One hundred and fifty spears, ten canoes, three wives… trouble.
The Matriarch and I settled down to watch this Rolf de Heer movie after loving his latest, The King is Dead!
We’d had the DVD lying around for ages and it seemed the perfect time to get around to Ten Canoes, set in Arnhem land in a time before Aboriginal people made contact with whites.
The narrator tells the story of a group of men making bark canoes and hunting goose eggs. The leader of this group tells his young relative a story (which quickly seems to be shaping up as a cautionary tale) about a young man back in ancient days who longed for his brother’s wife.
The movie is entirely told in a subtitled indigenous dialect. A quick Google says it is Ganalbingu language, and if I had any presence of mind I would have retained the DVD cover to make sure. It’s worth getting this on DVD, because there are extensive and interesting-looking special features.
I’m immediately charmed by the story-within-a-story-within-a-story format. To me it seems to reflect Aboriginal culture itself, which apparently perceives time as a far less linear thing than does European culture.
Whether or not it’s intentionally significant, it’s innovative, and immediately gives the film a new way to communicate that the themes that run through each tale are linked.
It’s naturalistic in quintessential de Heer style, with all the hallmarks of painstaking research.
Yet at times it seems to relish drawing attention to the artifice that goes into the telling of the stories: not only through the three different stories, but by introducing the innermost story’s characters with a rundown each in which they stare awkwardly at the camera, occasionally giving a chuckle or embarrassed look to show they’re listening.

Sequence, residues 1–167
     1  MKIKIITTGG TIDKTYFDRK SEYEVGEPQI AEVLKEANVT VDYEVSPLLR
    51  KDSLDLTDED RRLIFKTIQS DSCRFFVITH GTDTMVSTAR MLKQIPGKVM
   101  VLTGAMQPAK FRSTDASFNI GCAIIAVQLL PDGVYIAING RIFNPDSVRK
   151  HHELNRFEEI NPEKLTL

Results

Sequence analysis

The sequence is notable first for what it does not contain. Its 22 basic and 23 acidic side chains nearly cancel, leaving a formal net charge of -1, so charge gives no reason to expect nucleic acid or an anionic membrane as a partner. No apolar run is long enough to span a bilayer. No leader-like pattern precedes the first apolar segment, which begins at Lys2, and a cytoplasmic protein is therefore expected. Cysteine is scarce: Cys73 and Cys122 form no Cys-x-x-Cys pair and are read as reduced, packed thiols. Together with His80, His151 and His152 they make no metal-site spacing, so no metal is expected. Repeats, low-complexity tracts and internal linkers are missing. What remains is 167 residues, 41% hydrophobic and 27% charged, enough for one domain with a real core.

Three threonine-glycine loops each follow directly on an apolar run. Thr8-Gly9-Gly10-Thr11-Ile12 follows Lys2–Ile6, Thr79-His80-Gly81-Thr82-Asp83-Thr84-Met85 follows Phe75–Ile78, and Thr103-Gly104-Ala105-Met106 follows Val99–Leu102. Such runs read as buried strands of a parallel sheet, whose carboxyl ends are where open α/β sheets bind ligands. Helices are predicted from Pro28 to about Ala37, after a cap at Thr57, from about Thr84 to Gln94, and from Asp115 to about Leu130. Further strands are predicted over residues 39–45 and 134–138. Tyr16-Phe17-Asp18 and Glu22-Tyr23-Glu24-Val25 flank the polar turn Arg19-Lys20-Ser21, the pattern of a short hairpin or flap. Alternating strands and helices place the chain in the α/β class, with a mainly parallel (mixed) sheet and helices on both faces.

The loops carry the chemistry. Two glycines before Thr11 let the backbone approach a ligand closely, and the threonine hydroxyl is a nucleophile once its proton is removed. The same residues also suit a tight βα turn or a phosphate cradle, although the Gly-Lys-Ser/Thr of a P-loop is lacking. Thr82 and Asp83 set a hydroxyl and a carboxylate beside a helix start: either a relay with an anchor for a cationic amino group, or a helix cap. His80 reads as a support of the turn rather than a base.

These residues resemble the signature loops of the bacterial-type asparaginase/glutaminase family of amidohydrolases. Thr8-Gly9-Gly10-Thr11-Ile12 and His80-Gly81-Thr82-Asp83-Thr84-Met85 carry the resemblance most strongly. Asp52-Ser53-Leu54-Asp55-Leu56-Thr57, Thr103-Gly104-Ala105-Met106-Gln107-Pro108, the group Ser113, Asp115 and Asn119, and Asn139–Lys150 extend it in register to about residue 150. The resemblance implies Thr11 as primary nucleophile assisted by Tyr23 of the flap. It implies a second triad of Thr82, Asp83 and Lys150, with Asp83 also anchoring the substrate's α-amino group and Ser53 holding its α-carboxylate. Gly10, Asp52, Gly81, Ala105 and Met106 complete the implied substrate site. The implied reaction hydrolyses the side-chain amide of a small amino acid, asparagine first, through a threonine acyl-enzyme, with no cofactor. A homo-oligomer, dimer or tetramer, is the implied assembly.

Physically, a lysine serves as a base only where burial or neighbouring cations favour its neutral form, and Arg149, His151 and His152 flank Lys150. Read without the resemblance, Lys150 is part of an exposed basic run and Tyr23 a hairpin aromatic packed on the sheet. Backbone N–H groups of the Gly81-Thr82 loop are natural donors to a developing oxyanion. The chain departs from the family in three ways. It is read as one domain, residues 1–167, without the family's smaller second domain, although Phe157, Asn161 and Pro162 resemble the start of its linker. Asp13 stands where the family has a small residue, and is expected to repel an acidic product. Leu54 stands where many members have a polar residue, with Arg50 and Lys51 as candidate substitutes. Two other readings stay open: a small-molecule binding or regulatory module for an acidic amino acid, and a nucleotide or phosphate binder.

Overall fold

As well as being engaging, this gentle joke shared with the viewer reveals the characters’ humanity, a task that would be difficult when portraying people of an unfamiliar culture in long-ago time.
This emotional connection made the story hard-hitting, incredibly so – I cried, and cried, and cried. No spoilers, but jeez, it tore at my heart.
But I also laughed a lot. De Heer doesn’t seek to make the characters mysterious or venerate them. They’re just people. They have their fart jokes and their deep spiritual side just like everyone else.
What I love most about Rolf de Heer’s storytelling is – and you know I love action in my movies – he can take his time about things.
He doesn’t have to pull punches in every shot. There’ s something about the way he tells a story that makes you enjoy the journey. He settles you down, he slows you, relaxes you into his own world. This is a rare talent in a filmmaker, and if you didn’t get it absolutely right it would be disastrous.
The tracker shows this trait off stunningly, to the best of my recollection, and to finish off the de Heer kick, we’ll definitely be watching that.
His is a beautiful, quiet way of telling a story and it brings me back to the whole notion of circularity. You’re not rushing towards something, you’re circling around it, getting ever closer to the heart of it, and yet in a way, the whole time, you’ve been there before.
It doesn’t reward impatience. The second storyteller, the lead goose-egg-hunter, tells his young relative he needs patience, and drags the story out for days. The narrator of their story tells the movie-watcher amusedly that he supposes they are impatient too, but finally takes pity on them and gets on with the end.
I wanted to know the end, but I felt patient. I was busy looking and seeing and thinking and feeling and noticing.
And the end, when it came, was just as unexpected as the rest.